TI would like to welcome and introduce Isabelle Salle and Erik Ansink who are joining TI as candidate fellows.

 

About Isabelle Salle

After completing a master thesis in economic modelling in 2008, Isabelle Salle received a PhD degree from the University of Bordeaux, in France, in 2012, in the field of complex systems applied to macroeconomic issues, and in particular to monetary policy and central bank communication. This thesis has been awarded the IDEX price 2013, a local initiative to promote high-quality research in social science and humanities. Part of the thesis has already been published in international peer-reviewed, such as Economic Modelling and Macroeconomic Dynamics. Isabelle joined the CeNEDF, at the University of Amsterdam, in September 2013 as a post-doc researcher on the European FP7 project Rastanews. The main goal of this project is to investigate the impact of monetary and fiscal policies when the economy is stuck in a liquidity trap, and agents do not hold rational expectations. This project includes both laboratory experiments with human subjects and the development of theoretical models. Isabelle’s research interests include: Macroeconomic modelling: learning and expectations, monetary policy, DSGE models, complex adaptive systems, agent-based Models, and evolutionary modelling. Isabelle is a member of TI’s cooperative behaviour, strategic interactions and complex systems (CSC) research group.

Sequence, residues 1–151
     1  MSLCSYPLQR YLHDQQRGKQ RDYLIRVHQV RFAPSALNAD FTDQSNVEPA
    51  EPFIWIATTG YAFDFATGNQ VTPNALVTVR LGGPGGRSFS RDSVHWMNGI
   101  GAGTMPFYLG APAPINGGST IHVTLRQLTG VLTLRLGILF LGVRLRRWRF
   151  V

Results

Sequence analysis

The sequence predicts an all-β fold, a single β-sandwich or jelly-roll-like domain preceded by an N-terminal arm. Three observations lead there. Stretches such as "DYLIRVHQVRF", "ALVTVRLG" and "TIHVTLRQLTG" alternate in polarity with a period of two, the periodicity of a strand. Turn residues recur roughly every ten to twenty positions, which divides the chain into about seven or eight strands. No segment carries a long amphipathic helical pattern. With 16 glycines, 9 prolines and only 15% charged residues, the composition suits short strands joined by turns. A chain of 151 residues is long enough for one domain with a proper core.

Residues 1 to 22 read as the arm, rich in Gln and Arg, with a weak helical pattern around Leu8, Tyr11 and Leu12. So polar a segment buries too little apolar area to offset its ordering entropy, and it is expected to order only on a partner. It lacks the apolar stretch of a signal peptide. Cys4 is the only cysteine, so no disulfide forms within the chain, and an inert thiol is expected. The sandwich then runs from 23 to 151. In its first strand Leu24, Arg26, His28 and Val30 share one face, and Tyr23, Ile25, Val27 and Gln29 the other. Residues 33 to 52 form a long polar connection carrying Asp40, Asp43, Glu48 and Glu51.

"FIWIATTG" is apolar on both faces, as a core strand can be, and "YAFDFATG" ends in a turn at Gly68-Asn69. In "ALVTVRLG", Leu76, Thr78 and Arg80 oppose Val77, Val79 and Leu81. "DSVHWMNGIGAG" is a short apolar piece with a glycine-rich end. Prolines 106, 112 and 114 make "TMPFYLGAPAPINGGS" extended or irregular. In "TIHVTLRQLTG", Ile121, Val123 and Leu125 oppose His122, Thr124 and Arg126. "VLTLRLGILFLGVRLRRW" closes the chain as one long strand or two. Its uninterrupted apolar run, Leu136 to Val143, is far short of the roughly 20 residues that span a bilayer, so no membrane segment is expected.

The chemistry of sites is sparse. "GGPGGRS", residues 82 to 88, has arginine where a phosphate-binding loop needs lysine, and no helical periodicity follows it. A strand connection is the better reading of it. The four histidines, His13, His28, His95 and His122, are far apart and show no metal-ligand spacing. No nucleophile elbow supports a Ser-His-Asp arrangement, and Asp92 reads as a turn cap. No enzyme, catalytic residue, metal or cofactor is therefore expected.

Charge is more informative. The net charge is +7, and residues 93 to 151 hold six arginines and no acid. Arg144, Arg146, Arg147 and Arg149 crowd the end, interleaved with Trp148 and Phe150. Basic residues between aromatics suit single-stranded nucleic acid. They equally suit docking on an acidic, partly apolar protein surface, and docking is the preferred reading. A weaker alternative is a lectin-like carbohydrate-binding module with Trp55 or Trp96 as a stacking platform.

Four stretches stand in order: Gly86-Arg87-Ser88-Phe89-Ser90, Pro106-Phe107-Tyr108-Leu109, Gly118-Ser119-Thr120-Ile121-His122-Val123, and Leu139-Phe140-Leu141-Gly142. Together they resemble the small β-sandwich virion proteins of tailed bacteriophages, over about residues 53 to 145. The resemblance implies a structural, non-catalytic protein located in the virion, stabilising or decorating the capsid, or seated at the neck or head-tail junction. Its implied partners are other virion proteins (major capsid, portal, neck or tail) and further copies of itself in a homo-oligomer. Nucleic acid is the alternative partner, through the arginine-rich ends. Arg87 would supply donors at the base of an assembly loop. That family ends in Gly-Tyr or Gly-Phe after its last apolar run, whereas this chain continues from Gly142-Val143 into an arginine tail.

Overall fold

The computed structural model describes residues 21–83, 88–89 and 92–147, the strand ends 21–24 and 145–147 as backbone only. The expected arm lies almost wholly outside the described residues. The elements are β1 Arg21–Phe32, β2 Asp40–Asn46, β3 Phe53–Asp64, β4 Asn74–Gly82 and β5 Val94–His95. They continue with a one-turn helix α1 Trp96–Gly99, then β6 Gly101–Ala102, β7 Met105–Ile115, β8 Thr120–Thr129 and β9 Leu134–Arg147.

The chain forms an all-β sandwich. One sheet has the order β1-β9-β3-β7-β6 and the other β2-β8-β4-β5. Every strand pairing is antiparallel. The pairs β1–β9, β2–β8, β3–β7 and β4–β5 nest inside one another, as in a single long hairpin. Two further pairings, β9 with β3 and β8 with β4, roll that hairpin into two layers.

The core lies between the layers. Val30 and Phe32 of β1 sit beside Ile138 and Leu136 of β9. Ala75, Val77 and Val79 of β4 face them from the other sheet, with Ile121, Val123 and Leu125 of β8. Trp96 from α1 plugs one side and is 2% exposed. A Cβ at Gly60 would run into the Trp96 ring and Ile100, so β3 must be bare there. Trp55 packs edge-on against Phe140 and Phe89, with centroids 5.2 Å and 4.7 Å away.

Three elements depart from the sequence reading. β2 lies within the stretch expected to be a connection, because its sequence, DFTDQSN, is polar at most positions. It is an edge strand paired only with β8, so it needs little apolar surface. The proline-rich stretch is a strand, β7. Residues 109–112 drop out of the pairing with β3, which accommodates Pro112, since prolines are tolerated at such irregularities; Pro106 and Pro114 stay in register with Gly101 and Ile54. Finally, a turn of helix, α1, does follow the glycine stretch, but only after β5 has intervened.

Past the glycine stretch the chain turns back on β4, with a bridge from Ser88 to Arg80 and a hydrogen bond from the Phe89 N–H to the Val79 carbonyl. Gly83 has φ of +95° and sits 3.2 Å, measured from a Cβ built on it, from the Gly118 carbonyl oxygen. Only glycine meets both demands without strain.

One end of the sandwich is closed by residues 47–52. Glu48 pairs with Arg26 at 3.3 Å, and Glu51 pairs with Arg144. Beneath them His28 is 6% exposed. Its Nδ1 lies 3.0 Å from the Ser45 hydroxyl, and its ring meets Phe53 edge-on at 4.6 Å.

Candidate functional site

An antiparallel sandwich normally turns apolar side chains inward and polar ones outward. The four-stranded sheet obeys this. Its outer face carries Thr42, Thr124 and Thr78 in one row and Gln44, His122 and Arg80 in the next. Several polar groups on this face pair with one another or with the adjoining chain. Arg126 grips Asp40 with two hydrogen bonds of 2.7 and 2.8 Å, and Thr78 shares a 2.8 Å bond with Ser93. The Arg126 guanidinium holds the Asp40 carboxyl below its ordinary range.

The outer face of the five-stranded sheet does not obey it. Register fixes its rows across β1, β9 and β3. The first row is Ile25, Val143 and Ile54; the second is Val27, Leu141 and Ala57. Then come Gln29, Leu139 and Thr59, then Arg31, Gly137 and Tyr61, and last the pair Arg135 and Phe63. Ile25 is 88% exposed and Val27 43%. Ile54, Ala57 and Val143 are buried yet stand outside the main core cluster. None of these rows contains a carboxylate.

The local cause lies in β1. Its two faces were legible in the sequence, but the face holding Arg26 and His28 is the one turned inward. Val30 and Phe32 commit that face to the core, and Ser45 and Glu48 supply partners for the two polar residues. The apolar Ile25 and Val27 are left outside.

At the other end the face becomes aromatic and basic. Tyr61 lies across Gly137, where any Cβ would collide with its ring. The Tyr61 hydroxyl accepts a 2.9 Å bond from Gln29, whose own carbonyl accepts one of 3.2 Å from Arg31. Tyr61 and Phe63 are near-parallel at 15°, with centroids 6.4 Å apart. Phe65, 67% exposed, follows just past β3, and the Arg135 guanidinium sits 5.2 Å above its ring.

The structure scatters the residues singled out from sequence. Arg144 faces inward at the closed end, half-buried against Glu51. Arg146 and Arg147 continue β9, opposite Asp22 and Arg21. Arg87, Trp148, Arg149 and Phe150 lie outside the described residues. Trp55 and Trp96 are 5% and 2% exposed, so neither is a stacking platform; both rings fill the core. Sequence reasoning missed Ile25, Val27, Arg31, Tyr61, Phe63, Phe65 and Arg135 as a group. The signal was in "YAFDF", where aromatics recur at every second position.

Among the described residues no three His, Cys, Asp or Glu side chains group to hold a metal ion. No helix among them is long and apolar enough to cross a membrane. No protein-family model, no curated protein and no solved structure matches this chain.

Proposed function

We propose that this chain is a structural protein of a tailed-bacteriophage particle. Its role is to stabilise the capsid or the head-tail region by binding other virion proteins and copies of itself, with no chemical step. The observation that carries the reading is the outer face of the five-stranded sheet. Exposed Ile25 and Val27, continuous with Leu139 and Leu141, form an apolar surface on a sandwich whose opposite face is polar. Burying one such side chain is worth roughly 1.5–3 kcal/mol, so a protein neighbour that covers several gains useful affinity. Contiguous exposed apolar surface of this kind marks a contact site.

About Erik Ansink

Erik Ansink is an assistant professor at the Department of Spatial Economics of VU University Amsterdam. He defended his PhD thesis on the economics of water allocation in transboundary rivers at Wageningen University in 2009. Subsequently, he worked as a senior researcher at the Institute for Environmental Studies at VU University Amsterdam, before joining the Department of Spatial Economics in 2013. Ansink’s main research topic is environmental economics with a focus on water resource economics. Erik is generally interested in the allocation of scarce goods in both cooperative and strategic settings, using a variety of methods to analyze such allocations, including game theory, political economy, and experiments. He is a member of TI’s Spatial, Transport and Environmental Economics (STEE) research group. Please click here for a list of Erik’s publications.